When he decides to steal a car and go on a road trip, a new, dangerous edginess creeps into the storyline — and any chance of redemption seems remote.

Dramatic ending

Wild Cat Falling is a powerful tale, of a Black man on the margins, someone who is indifferent to the two worlds in which he must navigate, a lost soul who doesn’t understand himself much less the culture and country that’s been denied him.

It has a dramatic climax, one that involves a policeman and a pair of handcuffs, which suggests the story is going to end exactly where it began — in prison.

Bill at The Australian Legend has also reviewed this book.

^ Also spelt Noongah, Nyungar, Nyoongar, Nyoongah, Nyungah, Nyugah and Yunga.

^^ An informal Australian term for a teenage subculture from the 1950s, depicted as loutish and rebellious. See this Wikipedia entry for more detail.

I read this book for my #ReadingFirstNationsWriters project, which you can read more about here. You can see all the books reviewed as part of this project on my dedicated First Nations Writers page. It’s also a contender for my #FocusOnWesternAustralianWriters. You can find out more about this reading project, along with a list of Western Australian books already reviewed on the site, here

Please note, Wild Cat Falling is only available in Australia. International readers can order it from independent bookstore Readings.com.au. Shipping info here.

Australia, Author, Book review, Fiction, Fremantle Press, Jacqueline Wright, literary fiction, Publisher, Setting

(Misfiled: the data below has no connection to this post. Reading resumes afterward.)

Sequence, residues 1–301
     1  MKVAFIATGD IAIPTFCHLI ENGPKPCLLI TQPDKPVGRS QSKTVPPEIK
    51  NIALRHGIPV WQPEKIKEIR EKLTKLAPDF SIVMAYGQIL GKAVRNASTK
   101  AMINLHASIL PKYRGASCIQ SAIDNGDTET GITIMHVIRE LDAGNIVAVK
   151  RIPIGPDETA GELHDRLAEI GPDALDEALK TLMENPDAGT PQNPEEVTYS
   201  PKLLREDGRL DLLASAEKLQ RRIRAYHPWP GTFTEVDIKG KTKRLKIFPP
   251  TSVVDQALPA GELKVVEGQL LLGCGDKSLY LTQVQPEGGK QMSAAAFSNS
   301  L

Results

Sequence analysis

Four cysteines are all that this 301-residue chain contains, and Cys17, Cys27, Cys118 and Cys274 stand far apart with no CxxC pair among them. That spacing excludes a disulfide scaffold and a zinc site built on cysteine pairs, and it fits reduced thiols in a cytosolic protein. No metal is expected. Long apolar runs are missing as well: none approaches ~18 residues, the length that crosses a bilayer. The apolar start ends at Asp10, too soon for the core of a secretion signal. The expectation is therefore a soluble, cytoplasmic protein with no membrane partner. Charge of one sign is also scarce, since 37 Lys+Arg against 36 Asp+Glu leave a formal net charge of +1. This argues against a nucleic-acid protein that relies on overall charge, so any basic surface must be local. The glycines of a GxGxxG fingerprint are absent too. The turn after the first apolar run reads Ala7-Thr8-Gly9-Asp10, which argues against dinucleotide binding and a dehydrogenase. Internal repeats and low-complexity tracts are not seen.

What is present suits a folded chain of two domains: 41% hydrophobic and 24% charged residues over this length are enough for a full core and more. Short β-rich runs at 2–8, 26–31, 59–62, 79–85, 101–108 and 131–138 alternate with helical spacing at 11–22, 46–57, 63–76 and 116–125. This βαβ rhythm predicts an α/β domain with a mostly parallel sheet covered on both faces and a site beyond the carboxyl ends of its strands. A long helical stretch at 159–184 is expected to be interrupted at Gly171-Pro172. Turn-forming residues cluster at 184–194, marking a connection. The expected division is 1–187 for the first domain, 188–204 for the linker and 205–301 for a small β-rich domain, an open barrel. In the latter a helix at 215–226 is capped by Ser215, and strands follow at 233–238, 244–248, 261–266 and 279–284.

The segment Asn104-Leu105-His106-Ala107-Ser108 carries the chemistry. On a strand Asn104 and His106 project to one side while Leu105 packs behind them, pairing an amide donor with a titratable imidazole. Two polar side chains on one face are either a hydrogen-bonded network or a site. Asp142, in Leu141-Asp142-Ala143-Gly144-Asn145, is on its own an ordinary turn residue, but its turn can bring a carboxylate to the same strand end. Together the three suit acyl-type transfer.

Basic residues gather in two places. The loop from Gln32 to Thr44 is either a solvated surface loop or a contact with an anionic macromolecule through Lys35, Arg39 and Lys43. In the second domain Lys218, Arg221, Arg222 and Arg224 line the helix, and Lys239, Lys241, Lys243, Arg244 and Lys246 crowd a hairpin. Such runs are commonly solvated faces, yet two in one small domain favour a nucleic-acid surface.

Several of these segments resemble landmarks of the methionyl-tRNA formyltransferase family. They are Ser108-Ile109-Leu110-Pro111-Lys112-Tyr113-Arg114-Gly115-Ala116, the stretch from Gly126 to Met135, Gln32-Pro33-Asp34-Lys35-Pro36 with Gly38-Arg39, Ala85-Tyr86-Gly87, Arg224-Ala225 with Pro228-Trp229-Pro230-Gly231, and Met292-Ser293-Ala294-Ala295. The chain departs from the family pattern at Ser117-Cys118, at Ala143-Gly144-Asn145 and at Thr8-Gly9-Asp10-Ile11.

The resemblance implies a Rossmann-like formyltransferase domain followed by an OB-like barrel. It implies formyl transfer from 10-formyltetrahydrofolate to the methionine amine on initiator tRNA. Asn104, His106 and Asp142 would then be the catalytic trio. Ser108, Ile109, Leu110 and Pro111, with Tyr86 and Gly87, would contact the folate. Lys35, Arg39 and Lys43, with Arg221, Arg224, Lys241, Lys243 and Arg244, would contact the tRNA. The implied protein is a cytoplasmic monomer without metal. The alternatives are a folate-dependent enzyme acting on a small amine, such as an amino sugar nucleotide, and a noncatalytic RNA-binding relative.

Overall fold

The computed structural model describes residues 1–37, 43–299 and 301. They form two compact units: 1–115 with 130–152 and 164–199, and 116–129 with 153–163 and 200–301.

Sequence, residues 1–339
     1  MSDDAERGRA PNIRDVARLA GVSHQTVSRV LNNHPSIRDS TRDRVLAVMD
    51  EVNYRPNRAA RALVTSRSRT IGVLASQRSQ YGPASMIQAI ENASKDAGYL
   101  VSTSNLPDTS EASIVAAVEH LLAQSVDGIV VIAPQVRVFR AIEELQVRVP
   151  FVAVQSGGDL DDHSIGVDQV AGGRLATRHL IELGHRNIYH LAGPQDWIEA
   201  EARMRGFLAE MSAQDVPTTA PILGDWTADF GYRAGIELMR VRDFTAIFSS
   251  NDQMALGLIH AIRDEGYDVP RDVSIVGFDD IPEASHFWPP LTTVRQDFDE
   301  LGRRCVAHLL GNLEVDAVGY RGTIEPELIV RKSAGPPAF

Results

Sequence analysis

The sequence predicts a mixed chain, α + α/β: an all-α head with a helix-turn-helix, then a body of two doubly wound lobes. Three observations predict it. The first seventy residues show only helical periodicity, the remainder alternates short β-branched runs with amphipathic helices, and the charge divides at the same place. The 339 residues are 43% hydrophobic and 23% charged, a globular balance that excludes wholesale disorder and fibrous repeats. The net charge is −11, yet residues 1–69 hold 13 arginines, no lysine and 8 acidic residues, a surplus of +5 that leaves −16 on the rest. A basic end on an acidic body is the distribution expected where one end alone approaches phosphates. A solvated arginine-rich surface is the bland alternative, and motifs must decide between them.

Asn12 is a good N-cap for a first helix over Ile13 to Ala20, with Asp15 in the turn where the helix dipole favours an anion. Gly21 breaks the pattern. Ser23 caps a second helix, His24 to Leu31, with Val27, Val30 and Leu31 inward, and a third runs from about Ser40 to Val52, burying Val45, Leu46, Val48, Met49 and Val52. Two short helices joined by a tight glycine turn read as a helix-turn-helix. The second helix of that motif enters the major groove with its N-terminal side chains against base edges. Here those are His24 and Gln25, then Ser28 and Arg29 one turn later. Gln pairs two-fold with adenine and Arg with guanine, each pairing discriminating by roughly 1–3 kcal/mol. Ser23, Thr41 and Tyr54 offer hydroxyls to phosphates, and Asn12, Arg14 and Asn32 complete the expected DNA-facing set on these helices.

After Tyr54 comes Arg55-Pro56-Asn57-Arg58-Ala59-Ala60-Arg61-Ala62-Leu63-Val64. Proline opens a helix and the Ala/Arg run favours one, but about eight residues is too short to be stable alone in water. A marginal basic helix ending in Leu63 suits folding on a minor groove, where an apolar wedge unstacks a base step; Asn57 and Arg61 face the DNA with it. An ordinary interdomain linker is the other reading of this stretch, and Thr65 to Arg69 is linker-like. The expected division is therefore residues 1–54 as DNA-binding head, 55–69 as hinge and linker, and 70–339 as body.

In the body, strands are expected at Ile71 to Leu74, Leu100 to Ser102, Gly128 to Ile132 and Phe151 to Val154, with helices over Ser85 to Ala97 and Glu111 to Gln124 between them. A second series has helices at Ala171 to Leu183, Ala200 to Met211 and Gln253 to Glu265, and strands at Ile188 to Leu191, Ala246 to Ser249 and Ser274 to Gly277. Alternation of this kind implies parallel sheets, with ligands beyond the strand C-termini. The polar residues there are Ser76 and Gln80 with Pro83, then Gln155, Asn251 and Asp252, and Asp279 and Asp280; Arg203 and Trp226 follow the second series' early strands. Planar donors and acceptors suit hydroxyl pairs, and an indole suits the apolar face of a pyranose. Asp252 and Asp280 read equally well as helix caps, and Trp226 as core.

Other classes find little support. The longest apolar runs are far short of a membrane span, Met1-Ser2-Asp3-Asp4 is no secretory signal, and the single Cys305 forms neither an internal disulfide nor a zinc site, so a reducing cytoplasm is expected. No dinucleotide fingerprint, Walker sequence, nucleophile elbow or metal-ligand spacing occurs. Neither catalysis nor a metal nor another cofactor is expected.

‘Red Dirt Talking’ by Jacqueline Wright

Fiction – paperback; Fremantle Press; 352 pages; 2012.

Life in an outback Aboriginal community in the northwest of Western Australia comes alive in this impressive — and totally immersive — debut novel by Jacqueline Wright.

The manuscript for Red Dirt Talking won the T.A.G. Hungerford Award* in 2010 and later, upon publication, it was longlisted for both the Dobbie Literary Award and the Miles Franklin Literary Award in 2013.

It’s set in 1994 and focuses on what we might now call “white saviour syndrome” in which an educated white woman goes to a remote community to help give its Black inhabitants a “voice” on the international stage. But she goes about it completely the wrong way, not only because she’s naive but because she lacks cultural understanding outside of her own experience.

Intertwined with this narrative is the story of an eight-year-old Aboriginal girl who goes missing, believed to have been “stolen” by her white uncle and removed to Perth, but there are rumours she might actually have been murdered. A body, however, has not been found, and the police don’t seem to be particularly interested in locating the girl in the first place.

The novel is told from two perspectives in two different time frames: Maggot, the local garbage collector, whose first-person account explores what might have happened to the girl after she is reported missing; and Annie, a 39-year-old anthropology graduate from Perth, who becomes friends with the girl before she disappears and whose experiences are recounted in the third person.

While these two different narrative threads are intertwined, the novel features at least twice as much of Annie’s story than Maggot’s. And probably with good reason: as a character, there’s more room to develop Annie, to take her on a “journey” from the innocent do-gooder to a much more experienced, sympathetic and understanding person who has grown and changed — for the better.

Remote Aboriginal community

The story is set in the fictionalised community of Yindi, outside the (fictionalised) town of Ransom, at least two days’ drive north of Perth. (The Aboriginal language is Muwarr, which I believe is spoken in the Pilbara, a region that is twice the size of the UK, but it’s hard to pinpoint the exact location, although it does appear to be somewhere near the coast.)